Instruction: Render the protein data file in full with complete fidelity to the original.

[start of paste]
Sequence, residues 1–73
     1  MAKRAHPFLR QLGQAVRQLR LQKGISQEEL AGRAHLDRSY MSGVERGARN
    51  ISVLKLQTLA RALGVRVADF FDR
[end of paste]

Sequence, residues 1–73
     1  MAKRAHPFLR QLGQAVRQLR LQKGISQEEL AGRAHLDRSY MSGVERGARN
    51  ISVLKLQTLA RALGVRVADF FDR